I’m not a fan of the default file header comment Xcode adds to new source files. I’d argue that most of the information in the file header is either irrelevant or better tracked through source control. Moreover, these comments can quickly become outdated as files and projects get renamed.
In my personal projects, my first step after creating a new file is always to delete this header comment.
Until now, that is, because Xcode 9 allows you to customize the file header and other so-called text macros using a plist file. The process is described in Xcode Help on a page titled Customize text macros:
Create a property list file named
For every text macro you want to customize, add a new key to the plist’s dictionary. For example, to change the default file header, add an entry with the key
Xcode’s plist editor only displays a single line for the value, but you can insert newlines with Option + Return.
See Text macros reference below for a full list of available macros. You can use other text macros in a macro’s value by wrapping them with three underscores, such as
___DATE___. Some macros can also be customized with a
:modifiersyntax. See Text macro format reference below for more on this.
Copy the file to one of the following locations. The directory specifies in which context the customized text macros should be applied:
For a single project and user:
For all team members in a single project:
For all projects in a workspace for a single user:
For all projects in a workspace for all team members:
For everything you work on, regardless of project:
When you now create a new file, it looks like this:
Note that for the
FILEHEADER macro, Xcode currently (Xcode 9 beta 3) adds comment markers (
//, with no space) to the first line but not to subsequent lines. You’ll need to include those manually in the macro text. I’m not sure if this is the intended behavior or a bug (it looks like a bug to me).
Unfortunately, this also means that you can’t make the file header comment go away completely — even if you set it to an empty string in the plist, new files will begin with an empty comment line. I hope this gets fixed in a future version. I filed a bug at rdar://33451838.
Here’s a list of all available text macros in Xcode 9. I copied this almost verbatim from the Text macros reference page in Xcode Help.
- Xcode’s default copyright string that uses the organization name you’ve set in your project, e.g. “Copyright © 2017 MyCompany. All rights reserved.”
- The current date.
- The version of Swift used for the default toolchain.
- The name of the current file without any extension.
- The name of the current file encoded as a C identifier.
- The text placed at the top of every new text file.
- The full name of the current file.
- The full name of the current macOS user.
The entry for the human readable copyright string in the Info.plist file of a macOS app target. For example, a valid value is:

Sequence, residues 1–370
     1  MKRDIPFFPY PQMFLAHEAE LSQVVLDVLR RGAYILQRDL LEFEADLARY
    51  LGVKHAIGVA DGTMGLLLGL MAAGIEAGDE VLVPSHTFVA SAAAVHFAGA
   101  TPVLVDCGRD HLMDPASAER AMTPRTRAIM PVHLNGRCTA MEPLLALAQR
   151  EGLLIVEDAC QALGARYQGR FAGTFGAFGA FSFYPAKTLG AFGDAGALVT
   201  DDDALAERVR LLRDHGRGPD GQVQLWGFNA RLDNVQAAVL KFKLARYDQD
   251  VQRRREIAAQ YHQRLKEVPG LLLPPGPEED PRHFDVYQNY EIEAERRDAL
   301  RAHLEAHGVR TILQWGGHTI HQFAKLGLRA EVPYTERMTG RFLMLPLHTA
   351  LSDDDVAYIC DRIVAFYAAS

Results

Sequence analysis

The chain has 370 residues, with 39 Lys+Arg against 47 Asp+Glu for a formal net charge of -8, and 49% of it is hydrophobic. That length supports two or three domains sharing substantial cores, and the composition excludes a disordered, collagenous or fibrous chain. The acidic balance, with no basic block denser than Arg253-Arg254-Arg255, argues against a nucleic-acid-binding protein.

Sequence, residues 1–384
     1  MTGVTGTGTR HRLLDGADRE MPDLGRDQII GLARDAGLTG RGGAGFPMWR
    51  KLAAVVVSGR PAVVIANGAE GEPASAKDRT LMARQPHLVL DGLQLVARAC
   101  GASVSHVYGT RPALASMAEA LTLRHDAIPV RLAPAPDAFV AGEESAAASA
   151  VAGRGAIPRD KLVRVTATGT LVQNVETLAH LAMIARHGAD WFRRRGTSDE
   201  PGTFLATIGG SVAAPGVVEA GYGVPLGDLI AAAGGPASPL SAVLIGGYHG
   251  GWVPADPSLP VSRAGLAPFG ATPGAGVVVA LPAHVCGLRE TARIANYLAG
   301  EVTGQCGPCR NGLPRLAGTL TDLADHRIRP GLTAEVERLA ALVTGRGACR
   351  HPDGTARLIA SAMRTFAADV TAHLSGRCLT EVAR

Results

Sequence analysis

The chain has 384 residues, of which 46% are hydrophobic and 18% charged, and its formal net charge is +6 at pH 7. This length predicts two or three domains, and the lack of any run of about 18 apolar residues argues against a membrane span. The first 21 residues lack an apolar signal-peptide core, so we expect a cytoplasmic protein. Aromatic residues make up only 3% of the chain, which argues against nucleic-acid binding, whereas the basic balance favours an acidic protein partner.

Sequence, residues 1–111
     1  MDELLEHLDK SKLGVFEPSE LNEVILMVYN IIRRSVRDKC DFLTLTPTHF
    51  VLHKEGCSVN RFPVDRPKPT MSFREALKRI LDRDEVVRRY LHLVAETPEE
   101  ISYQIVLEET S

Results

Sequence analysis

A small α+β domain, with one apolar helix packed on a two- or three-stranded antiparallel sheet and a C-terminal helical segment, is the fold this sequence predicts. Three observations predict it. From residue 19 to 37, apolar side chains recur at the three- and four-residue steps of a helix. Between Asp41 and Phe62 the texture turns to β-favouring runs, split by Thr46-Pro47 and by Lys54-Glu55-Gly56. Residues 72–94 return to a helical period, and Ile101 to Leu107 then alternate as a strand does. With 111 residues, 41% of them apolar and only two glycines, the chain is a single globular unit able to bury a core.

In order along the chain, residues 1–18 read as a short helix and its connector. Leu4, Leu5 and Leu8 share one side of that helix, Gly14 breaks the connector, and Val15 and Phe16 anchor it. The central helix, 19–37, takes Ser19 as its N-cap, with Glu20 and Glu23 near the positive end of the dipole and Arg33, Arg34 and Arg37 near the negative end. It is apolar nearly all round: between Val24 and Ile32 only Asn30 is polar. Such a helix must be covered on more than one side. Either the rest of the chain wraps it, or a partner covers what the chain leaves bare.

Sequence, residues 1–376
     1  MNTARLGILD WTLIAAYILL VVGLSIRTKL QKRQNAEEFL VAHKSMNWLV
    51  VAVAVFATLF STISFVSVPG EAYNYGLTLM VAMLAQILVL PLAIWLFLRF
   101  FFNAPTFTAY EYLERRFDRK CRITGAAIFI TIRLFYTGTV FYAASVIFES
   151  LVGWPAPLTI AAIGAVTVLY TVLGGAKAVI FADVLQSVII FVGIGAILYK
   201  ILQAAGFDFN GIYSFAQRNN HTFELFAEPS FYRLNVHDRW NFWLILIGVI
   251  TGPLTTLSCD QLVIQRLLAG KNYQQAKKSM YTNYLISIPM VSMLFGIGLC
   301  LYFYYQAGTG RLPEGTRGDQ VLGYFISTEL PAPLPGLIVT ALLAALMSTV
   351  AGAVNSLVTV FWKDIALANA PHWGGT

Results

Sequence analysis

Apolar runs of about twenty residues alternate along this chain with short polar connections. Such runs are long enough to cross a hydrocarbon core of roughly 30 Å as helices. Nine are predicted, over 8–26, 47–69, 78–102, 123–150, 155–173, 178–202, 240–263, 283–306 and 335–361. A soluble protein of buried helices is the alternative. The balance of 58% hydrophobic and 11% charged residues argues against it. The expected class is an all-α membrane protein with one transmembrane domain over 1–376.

<key>NSHumanReadableCopyright</key> <string>Copyright © 2017 Apple, Inc. All rights reserved.</string>
Notice that the value includes a newline.
- The company name for the team used for the provisioning profile.
- The name of the package built by the current scheme.
- A C-identifier encoded version of the package name built by the current scheme.
- The app name of the product built by the current scheme.
- The name of the current project.
- The version of macOS that is running Xcode.
- The name of the current target.
- The current time.
- The login name for the current macOS user.
Return a unique ID. The first time the macro is used, it will generate the ID before returning it. You can use the macro to create multiple unique IDs by using a modifier. Each modifier returns the an ID that is unique for that modifier.
For example, the first time
UUID:firstPurposeit will generate and return a unique ID for that macro and modifier combination. Subsequent uses of
UUID:firstPurposereturn the same ID. Adding
UUID:secondPurposewill generate and return a different ID that will be unique to
UUID:secondPurpose, and different from the ID for
- The name of the current workspace. If there is only one project open, then the name of the current project.
- The current year as a four-digit number.
Copied from the Text macro format reference page in Xcode Help.
A text macro can contain any valid unicode text. It can also contain other text macros.
Including other text macros
To include another text macro, add three underscore (_) characters before and after the macro name:
Modifying text macro expansion
You can modify the final expansion of the text macro by adding one or more modifiers. Add a modifier to a text macro by placing a colon (:) at the end of the macro followed by the modifier. Add multiple modifiers by separating each one with a comma (,).
For example, the following macro will remove the path extension from the
To turn the modified macro above into a valid C identifier, add the identifier macro:
- Replaces any non-bundle identifier characters with a hyphen (-).
- Removes the last path component from the expansion string.
- Removes any path extension from the expansion string.
- Removes any trailing dots (.).
- Replaces any non-C identifier characters with an underscore (_).
- Returns just the last path component of the expansion string.
- Returns the path extension of the expansion string.
- Replaces any non-rfc1034 identifier characters with a hyphen (-).
Replaces special xml characters with the corresponding escape string. For example, less-than (
<) is replaced with